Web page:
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October 19, 2017
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Akira Minagawa designed eight different uniforms for Tokyo Sky Tree personnel (Source: architizer.com).

When Scarecrow, Tin Man, Lion, Dorothy and her little dog entered the gates of the Emerald City, there was no doubt the Yellow Brick Road led them to the right place and something magical was going to happen. As the gatekeeper opened the doors, all the citizens in the merry old land of Oz were adorned in emerald green and grouped in uniform according to their roles. The men in the garden wore green hats, ladies of leisure stood in green sequined capes, straw-stuffers sported green "OZ" tees, and the barbershop girls were primped in mini A-line dresses with puffed sleeves, also in emerald green. Toto, I know we're not in Kansas anymore.

Facility guide uniforms
(Source: architizer.com).

A memorable exterior greeting echoed by a matching welcome committee is what a group of Japanese broadcasters plan to achieve with the Tokyo Sky Tree, the world's tallest free-standing broadcast center at 634m high (2,080ft). On the 200th day before the tower officially opens in Spring 2012, Tokyo Sky Tree operators unveiled eight different personnel uniforms designed by award-winning designer Akira Minagawa.

"I wanted to design such uniforms that would make the people who visit or work at Tokyo Sky Tree delighted about their time there," said Minagawa. "I hope people will remember the uniforms as part of their fun experience there." Colourful, patterned, and innately Japanese, Minagawa's designs are meant to convey the architecture and hospitality of Tokyo Sky Tree while reflecting the landscape of the surrounding cityscape and the fusion of futuristic design with the traditional beauty of Japan. He chose a colour palette of flat blues (the sky), grassy greens (the trees) and friendly yellows (the sun), while triangular geometry in the prints and profiles represent the shape of the Sky Tree and its muse, the all-season evergreen. Minagawa also ensured that the uniforms were made with high-quality, locally produced natural materials of wool, linen and cotton. Combining all of these elements give the uniforms a retro-futuristic feel or that everlasting Danish Modern style, signature to his brand Minä Perhonen.   

Minagawa's designs are meant to convey the architecture and hospitality of Tokyo Sky Tree while reflecting the landscape of the surrounding cityscape and the fusion of futuristic design with the traditional beauty of Japan.

As Minagawa draws inspiration for Minä Perhonen from his love for the lifestyle and culture of Finland, the name also originates from Finnish: "minä" means "I" and "perhonen" is "butterfly". Minagawa takes a unique and thoughtful approach to the craftsmanship of his clothing designs, textile production, weaving, printing and embroidery. His design philosophy is based on his belief that garments produced for a specific season in a specific year will become "useless junk" and so he strives to create durable pieces with an aesthetic merit independent of trends that can be worn for many years.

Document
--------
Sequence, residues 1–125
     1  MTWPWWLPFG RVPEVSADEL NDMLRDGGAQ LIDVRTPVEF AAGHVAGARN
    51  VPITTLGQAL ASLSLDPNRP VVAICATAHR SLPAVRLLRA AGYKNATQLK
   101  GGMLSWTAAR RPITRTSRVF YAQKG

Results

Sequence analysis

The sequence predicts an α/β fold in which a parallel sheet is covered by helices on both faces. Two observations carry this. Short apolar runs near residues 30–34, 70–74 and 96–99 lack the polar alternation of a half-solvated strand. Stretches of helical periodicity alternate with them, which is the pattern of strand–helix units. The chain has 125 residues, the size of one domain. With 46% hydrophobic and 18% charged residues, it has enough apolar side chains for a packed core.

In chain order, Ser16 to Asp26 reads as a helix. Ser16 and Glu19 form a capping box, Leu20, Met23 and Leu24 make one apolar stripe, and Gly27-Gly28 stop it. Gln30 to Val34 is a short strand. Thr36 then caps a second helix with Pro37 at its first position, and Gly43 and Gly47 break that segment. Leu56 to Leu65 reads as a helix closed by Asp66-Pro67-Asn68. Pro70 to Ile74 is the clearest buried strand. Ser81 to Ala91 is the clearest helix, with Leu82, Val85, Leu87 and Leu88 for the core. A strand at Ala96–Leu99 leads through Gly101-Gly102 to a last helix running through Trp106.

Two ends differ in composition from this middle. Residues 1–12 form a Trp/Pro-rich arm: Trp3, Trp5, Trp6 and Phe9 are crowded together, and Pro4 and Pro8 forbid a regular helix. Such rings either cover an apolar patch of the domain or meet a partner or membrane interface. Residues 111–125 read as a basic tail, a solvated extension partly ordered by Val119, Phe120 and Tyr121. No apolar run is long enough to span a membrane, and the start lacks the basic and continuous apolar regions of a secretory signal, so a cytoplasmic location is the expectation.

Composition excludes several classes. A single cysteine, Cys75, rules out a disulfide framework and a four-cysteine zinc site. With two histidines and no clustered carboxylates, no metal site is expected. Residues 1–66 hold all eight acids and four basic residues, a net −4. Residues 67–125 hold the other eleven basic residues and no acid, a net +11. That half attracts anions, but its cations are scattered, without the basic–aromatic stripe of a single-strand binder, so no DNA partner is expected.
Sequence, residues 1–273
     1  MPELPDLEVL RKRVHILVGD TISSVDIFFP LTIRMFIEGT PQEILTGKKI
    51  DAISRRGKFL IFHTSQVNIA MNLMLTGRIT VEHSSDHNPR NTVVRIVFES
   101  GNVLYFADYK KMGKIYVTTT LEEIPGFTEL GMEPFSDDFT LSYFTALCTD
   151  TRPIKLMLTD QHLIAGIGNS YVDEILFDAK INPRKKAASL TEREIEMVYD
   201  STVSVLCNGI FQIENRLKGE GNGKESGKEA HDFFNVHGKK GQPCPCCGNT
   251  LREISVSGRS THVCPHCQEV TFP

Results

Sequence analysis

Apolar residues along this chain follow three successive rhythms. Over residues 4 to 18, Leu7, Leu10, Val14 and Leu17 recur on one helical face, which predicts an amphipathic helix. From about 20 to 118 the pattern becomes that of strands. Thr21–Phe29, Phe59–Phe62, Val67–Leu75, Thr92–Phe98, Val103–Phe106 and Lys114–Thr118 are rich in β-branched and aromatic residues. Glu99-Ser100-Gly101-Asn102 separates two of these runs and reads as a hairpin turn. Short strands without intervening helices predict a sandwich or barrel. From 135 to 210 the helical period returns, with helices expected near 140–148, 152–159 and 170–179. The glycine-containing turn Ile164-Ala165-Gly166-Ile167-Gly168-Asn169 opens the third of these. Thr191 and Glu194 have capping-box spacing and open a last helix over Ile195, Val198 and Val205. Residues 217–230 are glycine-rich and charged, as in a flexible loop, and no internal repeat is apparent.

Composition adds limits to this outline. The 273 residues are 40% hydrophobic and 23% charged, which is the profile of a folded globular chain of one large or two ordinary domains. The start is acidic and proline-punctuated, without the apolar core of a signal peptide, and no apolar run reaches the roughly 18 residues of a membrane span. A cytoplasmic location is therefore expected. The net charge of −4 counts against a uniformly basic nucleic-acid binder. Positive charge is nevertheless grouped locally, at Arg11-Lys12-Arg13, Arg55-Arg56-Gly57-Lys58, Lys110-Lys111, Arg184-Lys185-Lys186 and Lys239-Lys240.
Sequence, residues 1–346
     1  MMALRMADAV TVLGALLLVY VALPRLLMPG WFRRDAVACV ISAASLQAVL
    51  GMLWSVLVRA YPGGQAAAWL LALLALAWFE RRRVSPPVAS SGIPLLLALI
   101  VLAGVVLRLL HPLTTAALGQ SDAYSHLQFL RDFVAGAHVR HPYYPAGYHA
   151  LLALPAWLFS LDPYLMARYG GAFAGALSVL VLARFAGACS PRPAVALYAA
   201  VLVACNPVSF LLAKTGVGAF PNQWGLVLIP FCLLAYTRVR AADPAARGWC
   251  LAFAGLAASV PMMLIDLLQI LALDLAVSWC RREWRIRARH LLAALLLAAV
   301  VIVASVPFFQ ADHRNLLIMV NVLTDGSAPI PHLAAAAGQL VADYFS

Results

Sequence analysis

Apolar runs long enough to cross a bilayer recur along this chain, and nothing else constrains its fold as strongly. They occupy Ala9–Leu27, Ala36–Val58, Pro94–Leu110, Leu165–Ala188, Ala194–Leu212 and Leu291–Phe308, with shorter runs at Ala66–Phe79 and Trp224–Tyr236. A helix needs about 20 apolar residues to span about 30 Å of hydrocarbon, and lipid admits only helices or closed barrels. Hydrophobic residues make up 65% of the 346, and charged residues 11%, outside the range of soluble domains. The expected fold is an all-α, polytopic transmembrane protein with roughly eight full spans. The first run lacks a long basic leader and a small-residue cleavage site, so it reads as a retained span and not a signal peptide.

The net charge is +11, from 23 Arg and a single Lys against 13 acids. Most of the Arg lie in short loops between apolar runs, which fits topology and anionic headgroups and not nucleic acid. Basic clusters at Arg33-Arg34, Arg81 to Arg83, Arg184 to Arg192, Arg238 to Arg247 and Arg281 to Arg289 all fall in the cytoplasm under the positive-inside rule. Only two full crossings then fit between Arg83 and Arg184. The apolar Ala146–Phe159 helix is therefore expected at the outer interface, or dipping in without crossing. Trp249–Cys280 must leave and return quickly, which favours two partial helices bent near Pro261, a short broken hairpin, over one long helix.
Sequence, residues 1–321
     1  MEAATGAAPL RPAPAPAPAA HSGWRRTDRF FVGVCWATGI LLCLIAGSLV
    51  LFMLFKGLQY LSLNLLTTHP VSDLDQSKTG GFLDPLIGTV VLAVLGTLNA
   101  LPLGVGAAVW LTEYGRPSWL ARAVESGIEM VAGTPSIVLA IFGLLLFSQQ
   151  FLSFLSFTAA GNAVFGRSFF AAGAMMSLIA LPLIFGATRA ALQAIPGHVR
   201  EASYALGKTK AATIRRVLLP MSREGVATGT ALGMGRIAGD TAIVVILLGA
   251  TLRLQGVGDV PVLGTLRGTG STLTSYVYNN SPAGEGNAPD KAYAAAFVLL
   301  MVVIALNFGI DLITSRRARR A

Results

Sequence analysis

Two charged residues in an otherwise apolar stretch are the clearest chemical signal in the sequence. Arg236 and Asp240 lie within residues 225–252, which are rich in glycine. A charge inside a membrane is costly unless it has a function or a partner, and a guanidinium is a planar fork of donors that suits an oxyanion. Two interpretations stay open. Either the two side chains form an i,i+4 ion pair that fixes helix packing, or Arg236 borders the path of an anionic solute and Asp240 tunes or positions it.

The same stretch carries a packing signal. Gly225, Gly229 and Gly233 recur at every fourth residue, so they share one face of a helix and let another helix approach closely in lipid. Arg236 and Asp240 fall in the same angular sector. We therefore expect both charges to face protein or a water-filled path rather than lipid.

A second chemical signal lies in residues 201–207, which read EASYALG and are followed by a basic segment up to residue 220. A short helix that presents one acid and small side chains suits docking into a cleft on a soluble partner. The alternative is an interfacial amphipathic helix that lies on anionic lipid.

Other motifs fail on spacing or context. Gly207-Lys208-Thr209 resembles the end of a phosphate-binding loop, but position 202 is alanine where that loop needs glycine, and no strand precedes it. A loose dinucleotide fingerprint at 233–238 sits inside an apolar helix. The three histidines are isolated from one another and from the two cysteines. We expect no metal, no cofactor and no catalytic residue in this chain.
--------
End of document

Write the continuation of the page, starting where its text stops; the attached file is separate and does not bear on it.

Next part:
Minagawa's enduring qualities are shared by the Tokyo Sky Tree as it aims to "create a new landscape that goes beyond space and time as a new symbol of tradition and the cutting edge". In addition to two observation decks - one at 350m above ground and the other at 450m above ground - the Sky Tree will house 300 shops and restaurants, an aquarium, a planetarium and a dome theatre. There are also plans to set up a sky walkway covered in glass around the second observatory lobby (altitude of 450m), enabling the world's highest walk to be enjoyed. (For those of us who share a fear of heights, this enclosed experience sounds more possible than the CN Tower's outdoor EdgeWalk at 356m high.) Utilizing Japan's advanced technology, the Tokyo Sky Tree hopes to not only be one of the world's most popular landmark attractions, but also "a new symbol of tradition and the cutting edge" and "the most striking in appearance and affinity". The perfect pairing with Akira Minagawa will surely help to achieve this goal.

Gift shop uniform
(Source: architizer.com).

Tokyo Sky Tree is not the only project to collaborate with a nationally representative and internationally renowned designer.  Kensington Palace recently announced that as part of the royal residence's £12 million transformation, they have commissioned British fashion house Jaeger (led by design director Stuart Stockdale) to create new uniforms for the front of house staff.  "Jaeger's modern take on tradition suited our desire to create a new uniform inspired by the history and stories of Kensington Palace and its unique collections," said Kensington Palace curator Deirdre Murphy. "Working with Stuart on this exciting design project has been a very rewarding experience. It has been fascinating to see how he has used the palace's historic architectural and interior design details, as well as elements of the Royal Ceremonial Dress Collection to create completely new uniforms which are both contemporary and stylish." Their regal designs will be unveiled on March 26, 2012.

As architects and developers extend the structure and design of their buildings into a more personal message through uniforms, one can only wonder who will be next to bridge that thought into music. "Jolly good fun! Ha - ha - ha, Ho - ho - ho - and a couple of tra - la - las, that's how we laugh the day away, In the Merry Old Land of Oz!"

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